EB-5 is a United States immigration program that offers citizens of other countries the opportunity to seek permanent U.S. residency through job creation in the U.S.
The EB-5 Regional Center Program began in the early 1990’s to spur economic growth by giving immigrants a way to obtain permanent U.S. residency through job creation. Administered by the United States Citizenship and Immigration Services (USCIS), the EB-5 program directs foreign investment into projects that revitalize local economies; investors whose money creates at least 10 full-time jobs for U.S. workers become eligible for a U.S. green card. Regional Centers, designated by the U.S. government, promote job creation in a defined geographic area.
EB-5 for Investors
The EB-5 program enables an investor to immigrate to the United States and receive permanent resident status (a “green card”) in as little as eighteen months.
An immigrant must invest capital in a new or existing firm, or regional center enterprise using earned, borrowed, or gifted funds. The minimum investment is $500,000 (soon to be $800,000) if the firm principally does business in a “targeted” employment area, or $1 million (soon to be $1.2 million) in other areas. The investment must create or save ten jobs.
The EB-5 green card program allows investors to live anywhere in the United States while enjoying retirement, attending school, or running the enterprise in which they invest or another business.
Below is a more detailed discussion of this way to immigrate to the United States.
Persons seeking visas under the immigrant investor provisions must first file with U.S. Citizenship & Immigration Services a Form I-526, Immigrant Petition by Alien Entrepreneur, together with the required supporting documentation. Each investor is assigned a priority date under the visa quota system based on the date the petition is filed. After approval of the petition by USCIS and upon availability of a visa under the immigrant visa quota system, qualified investors and their accompanying family members (spouses and unmarried children under 21 years old) may apply for their immigrant visas at a U.S. embassy or consulate in their country of citizenship or residence abroad. An eligible person in the U.S. may apply for permanent resident status with U.S. Citizenship and Immigration Services.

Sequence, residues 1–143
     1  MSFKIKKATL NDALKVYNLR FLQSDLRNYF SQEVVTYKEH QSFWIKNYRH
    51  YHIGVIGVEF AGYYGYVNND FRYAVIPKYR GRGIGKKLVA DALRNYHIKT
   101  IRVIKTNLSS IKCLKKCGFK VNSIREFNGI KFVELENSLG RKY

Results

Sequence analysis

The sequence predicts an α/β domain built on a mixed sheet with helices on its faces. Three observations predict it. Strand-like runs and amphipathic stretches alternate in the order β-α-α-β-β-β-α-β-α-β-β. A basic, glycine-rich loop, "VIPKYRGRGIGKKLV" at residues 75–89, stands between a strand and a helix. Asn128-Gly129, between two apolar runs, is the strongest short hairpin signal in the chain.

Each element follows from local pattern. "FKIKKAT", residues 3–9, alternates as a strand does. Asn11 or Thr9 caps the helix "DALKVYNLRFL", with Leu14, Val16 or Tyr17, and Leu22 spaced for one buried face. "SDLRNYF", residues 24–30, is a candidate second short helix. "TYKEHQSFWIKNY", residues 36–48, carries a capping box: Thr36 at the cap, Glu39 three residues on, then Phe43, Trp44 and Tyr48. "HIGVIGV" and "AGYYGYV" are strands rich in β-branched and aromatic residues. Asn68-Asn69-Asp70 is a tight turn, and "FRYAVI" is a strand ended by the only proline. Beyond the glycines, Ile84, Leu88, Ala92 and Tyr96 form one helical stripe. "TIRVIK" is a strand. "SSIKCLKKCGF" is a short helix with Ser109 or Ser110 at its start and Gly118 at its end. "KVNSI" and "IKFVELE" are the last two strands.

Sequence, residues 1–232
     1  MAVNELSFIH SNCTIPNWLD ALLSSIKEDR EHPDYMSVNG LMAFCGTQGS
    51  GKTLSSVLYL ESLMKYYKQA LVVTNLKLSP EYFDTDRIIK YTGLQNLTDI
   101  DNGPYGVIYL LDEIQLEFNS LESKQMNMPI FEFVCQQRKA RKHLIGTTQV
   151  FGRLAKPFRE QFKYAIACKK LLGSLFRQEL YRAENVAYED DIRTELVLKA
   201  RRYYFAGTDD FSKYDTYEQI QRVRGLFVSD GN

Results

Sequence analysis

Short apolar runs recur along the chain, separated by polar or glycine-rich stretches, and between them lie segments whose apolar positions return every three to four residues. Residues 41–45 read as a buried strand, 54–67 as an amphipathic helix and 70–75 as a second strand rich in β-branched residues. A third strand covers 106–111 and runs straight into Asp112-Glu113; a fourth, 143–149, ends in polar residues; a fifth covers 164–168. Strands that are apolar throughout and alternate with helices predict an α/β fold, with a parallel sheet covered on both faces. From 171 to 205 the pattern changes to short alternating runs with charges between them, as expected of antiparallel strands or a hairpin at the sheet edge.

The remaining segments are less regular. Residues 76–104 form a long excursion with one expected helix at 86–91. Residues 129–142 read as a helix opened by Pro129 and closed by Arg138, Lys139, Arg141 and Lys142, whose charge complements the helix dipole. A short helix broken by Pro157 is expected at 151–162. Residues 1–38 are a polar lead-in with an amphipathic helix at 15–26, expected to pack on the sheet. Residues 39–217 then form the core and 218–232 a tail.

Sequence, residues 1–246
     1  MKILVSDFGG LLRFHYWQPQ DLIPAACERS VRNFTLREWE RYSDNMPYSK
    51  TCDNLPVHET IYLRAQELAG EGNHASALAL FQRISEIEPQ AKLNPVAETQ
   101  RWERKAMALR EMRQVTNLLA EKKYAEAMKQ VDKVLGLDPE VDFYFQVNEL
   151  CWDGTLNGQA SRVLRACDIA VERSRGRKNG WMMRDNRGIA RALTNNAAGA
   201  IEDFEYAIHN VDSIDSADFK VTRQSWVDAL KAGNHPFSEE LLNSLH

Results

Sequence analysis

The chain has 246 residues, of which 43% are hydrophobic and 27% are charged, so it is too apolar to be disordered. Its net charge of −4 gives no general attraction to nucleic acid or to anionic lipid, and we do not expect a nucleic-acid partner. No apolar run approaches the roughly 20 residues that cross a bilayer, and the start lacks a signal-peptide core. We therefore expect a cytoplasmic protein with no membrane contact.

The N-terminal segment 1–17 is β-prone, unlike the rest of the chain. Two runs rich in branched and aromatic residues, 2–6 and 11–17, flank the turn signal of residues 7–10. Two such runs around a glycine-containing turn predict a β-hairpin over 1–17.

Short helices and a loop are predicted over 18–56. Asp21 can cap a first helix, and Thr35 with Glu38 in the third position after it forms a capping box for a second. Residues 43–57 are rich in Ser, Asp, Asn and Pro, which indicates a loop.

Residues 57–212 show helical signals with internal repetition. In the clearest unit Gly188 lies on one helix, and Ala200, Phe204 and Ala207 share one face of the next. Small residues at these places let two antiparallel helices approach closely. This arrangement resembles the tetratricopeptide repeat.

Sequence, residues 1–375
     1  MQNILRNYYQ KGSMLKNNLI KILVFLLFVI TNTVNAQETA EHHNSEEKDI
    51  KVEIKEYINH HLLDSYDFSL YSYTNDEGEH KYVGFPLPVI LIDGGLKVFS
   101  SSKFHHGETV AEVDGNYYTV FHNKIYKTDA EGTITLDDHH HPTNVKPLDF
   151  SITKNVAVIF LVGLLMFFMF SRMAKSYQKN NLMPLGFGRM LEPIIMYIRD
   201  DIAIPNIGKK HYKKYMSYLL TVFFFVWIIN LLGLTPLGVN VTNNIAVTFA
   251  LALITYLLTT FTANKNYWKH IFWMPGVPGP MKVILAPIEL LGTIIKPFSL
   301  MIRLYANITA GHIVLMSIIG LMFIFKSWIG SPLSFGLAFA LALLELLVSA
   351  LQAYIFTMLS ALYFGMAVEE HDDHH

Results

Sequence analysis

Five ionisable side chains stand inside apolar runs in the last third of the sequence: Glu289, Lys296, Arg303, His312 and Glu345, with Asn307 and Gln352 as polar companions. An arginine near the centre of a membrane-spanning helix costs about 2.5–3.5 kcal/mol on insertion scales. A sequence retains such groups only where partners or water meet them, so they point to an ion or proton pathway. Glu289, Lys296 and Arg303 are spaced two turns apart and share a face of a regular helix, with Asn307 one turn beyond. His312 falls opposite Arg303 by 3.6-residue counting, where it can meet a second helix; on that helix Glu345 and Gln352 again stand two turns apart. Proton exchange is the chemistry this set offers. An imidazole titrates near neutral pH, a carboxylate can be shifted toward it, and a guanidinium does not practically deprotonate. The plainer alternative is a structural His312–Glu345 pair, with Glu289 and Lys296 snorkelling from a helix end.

Source of Funds
To deter the use of illegally acquired funds to obtain U.S. immigrant status, the EB-5 regulations require the investor to submit documentation clearly showing that the capital invested in the enterprise derives from a lawful source. The invested capital must be the personal funds of the investor, as opposed to funds belonging to a third person or a business entity owned by the investor.
An investor may have acquired his or her investment capital in any lawful manner. The funds may have been acquired as personal income in the form of wages, distributed profits or earnings from a business or other investment, proceeds received for the sale of a valuable asset owned by the investor, a loan secured by personal assets owned by the investor, or a gift or inheritance. The funds may not be derived, however, from a loan secured by the assets of the qualifying U.S. enterprise. In the case of funds received as a gift or loan from a third party, documentation must be submitted to prove the lawful manner in which the benefactor or lender acquired the funds.